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Powdermill Nature Reserve, Rector

4.8
#65 of 76 in Wildlife in Pennsylvania
Wildlife Area · Hidden Gem · Nature / Park
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Powdermill was established in 1956 to serve as a field station of the Carnegie Museum of Natural History for long-term studies of natural populations—their life histories, behaviors, and ecological relationships.

Powdermill Nature Reserve is both a place and a philosophy. It stands as a symbol of the human vision—both scientist and philanthropist alike. The museum's need for a natural area which could be used as a laboratory and preserved for the study of natural processes was understood and outlined in 1948 by Dr. M. Graham Netting, then Assistant Director of Carnegie Museum of Natural History. Since he believed the Ligonier Valley to be the finest natural area in western Pennsylvania, he personally instituted a search for a suitable site for his vision.

In 1956, General and Mrs. Richard K. Mellon and Dr. and Mrs. Alan M. Scaife presented to Carnegie Institute, for the use of the Natural History Museum, eleven tracts of land totaling 1,160 acres, beginning about three miles south of Rector. The area was named "Powdermill Nature Reserve, a Research Station of Carnegie Museum." Over the next several years, additional acreage was added to the Reserve through other generous gifts, and today, Powdermill Nature Reserve offers 2,250 acres of woodlands, streams, open fields, ponds, and thickets.

The reserve is used by scientists to monitor and study changes in the local ecology and wildlife populations. It has served as a refuge for many plants and animals which, as a result of habitat destruction, are now becoming increasingly rare in our region as their habitats are destroyed. Powdermill Run, the mountain spring stream that traverses the mixed deciduous forest property, was found to be one of the very few unpolluted streams available for ongoing studies of aquatic life.

Today it is far more beautiful than when it was established, due to the natural growth of protected vegetation and the efforts of many supporters.
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Powdermill Nature Reserve reviews

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TripAdvisor traveler rating 4.5
9 reviews
Google
4.7
TripAdvisor
  • Powder mill is not far from Linn run and Forbes state park. Inside was closed . You can walk around but I wouldn't spend more than 30 minutes with Linn Run and Forbes nearby and scenic Mountains to... 
    Powder mill is not far from Linn run and Forbes state park. Inside was closed . You can walk around but I wouldn't spend more than 30 minutes with Linn Run and Forbes nearby and scenic Mountains to...  more »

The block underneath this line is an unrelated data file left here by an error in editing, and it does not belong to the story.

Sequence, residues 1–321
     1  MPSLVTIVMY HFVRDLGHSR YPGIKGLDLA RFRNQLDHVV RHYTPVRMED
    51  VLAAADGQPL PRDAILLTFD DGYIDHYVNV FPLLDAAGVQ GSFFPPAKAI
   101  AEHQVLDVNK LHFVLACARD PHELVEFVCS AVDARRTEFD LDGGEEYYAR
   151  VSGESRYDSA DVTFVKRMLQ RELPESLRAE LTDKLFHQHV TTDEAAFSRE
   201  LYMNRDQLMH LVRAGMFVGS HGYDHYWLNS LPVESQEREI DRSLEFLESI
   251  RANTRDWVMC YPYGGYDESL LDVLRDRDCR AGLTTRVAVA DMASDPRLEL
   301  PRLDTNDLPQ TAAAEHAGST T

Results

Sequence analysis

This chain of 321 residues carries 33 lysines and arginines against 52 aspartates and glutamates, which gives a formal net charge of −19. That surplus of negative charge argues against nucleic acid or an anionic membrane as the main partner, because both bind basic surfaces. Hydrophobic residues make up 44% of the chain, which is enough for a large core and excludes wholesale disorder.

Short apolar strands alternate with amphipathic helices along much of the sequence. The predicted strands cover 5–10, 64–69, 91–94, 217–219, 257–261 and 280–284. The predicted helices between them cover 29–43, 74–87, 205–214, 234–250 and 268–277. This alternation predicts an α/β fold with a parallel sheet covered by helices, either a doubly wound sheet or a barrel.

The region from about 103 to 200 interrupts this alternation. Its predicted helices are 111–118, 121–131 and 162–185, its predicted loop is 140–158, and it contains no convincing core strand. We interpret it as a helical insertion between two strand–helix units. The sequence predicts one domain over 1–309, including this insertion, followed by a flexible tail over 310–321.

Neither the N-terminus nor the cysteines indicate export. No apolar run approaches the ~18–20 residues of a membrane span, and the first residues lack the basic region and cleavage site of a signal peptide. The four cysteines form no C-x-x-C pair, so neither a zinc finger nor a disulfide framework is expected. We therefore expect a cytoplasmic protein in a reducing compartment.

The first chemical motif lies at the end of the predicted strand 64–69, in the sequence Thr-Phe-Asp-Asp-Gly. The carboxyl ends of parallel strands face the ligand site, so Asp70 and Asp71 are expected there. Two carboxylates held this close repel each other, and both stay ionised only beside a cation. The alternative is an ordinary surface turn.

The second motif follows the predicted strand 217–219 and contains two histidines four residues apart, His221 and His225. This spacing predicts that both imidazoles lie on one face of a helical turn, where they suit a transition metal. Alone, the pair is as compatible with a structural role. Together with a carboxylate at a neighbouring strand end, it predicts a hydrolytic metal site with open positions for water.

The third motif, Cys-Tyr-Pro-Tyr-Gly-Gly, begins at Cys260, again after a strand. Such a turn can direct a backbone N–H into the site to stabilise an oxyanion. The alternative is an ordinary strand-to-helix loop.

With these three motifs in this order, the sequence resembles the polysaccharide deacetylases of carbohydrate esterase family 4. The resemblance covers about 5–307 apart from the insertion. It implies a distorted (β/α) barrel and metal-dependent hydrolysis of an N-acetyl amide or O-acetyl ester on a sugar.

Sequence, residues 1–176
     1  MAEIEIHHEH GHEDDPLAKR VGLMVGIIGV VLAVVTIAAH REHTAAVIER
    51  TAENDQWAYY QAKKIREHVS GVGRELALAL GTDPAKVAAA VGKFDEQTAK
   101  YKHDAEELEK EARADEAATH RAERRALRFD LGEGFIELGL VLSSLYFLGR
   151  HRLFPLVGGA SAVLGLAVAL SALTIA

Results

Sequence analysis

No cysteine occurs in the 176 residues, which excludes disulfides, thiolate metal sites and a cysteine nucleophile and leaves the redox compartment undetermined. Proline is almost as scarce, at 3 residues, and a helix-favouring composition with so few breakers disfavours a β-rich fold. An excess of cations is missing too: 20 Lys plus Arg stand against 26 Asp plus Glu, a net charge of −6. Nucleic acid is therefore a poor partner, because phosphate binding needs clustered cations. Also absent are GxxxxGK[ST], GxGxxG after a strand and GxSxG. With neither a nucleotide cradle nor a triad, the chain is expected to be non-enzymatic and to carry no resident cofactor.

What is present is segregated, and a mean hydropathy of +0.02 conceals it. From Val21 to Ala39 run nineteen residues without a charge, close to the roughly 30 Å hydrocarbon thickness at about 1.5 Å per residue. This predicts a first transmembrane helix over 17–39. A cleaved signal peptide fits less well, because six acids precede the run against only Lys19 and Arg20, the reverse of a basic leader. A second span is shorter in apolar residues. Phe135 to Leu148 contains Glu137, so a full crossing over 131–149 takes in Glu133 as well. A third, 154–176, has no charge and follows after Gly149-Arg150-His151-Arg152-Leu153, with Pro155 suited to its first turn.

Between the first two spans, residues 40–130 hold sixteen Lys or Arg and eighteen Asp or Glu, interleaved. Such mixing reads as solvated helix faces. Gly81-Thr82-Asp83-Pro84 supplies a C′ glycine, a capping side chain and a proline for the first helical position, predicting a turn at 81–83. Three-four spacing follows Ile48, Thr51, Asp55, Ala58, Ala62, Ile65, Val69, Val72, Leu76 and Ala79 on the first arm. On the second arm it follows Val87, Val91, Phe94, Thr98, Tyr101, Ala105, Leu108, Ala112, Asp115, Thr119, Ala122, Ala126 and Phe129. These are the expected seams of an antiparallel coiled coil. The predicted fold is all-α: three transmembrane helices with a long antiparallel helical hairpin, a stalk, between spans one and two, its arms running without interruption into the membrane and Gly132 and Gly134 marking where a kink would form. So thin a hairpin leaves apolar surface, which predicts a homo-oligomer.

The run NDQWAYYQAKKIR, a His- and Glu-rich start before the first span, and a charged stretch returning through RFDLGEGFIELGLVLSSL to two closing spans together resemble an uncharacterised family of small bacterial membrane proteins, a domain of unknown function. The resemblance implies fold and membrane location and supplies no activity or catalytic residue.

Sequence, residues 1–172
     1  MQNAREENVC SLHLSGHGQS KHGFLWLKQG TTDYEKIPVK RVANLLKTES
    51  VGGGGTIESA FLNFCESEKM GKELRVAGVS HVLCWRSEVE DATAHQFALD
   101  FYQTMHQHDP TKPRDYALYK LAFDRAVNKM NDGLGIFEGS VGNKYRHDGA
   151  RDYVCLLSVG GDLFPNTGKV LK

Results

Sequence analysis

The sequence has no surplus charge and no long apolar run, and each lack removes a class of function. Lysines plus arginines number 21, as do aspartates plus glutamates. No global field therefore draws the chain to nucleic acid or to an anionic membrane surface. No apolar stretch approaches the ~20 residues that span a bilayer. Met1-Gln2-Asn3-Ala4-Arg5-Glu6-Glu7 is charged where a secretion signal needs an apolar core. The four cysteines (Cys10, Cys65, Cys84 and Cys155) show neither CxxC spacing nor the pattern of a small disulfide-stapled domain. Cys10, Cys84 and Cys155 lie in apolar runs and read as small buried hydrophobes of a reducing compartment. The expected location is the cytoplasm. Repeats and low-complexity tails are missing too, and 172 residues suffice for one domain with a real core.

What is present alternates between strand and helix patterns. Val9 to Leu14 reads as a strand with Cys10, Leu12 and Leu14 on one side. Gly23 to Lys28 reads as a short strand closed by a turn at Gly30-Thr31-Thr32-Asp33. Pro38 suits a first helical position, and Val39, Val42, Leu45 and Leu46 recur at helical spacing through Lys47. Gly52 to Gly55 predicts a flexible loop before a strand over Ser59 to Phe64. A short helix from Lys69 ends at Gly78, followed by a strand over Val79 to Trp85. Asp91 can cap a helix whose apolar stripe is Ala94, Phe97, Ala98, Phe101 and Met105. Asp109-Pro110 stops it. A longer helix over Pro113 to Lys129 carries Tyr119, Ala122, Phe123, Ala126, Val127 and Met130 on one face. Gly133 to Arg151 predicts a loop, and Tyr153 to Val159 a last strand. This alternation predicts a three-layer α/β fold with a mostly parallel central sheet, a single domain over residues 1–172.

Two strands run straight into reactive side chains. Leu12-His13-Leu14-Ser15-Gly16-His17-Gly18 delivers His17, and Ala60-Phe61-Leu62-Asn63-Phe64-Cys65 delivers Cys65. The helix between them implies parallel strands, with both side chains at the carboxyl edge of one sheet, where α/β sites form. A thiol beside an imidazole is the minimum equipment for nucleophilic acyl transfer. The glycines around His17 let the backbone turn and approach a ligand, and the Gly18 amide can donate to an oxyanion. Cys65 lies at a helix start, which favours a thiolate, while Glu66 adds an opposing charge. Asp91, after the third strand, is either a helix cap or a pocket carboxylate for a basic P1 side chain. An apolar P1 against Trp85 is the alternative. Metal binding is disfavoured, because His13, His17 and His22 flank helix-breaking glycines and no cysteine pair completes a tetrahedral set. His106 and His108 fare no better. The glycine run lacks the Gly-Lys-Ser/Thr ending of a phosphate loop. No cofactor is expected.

• The Powdermill Nature Reserve (at least the main building, as we've experienced it) is a great place for about an hour-long visit for nature lovers, conservationists, etc. (It's probably not the... 
    The Powdermill Nature Reserve (at least the main building, as we've experienced it) is a great place for about an hour-long visit for nature lovers, conservationists, etc. (It's probably not the...  more »
Google
  • Lots of stuff to see. Nice little area for the animal environments. Nice natural treatment plant for the bathrooms using a natural Marsh machine. Very kewl description of the device and how it works. There are a few trails here as well to explore. There are several events that Powdermill hosts and is always a great experience! Thank you! Down the street is their bird tagging operation and I got to see what they do in their open house in the spring and fall. Very well put together open house. You get to see the bird tagging in progress and the information at the open house was Amazing. Everyone who took time to explain everything was wonderful. We got to hear special details about the birds we saw and some characteristics of some of the birds and what they do for the tagging. This was a wonderful experience ... Thank you!
  • Fun for the whole family! We've been other times throughout the Summer, but our most recent visit was this past Fall. Such a beautiful place to walk around and enjoy the fall leaves. They were having an owling at the moon event that was a bit over crowded. We stayed for a bit, but figured it was too loud for them to actually catch an owl. I'm not sure if you have to pay to visit the interior building since we have a Carnegie museum membership.

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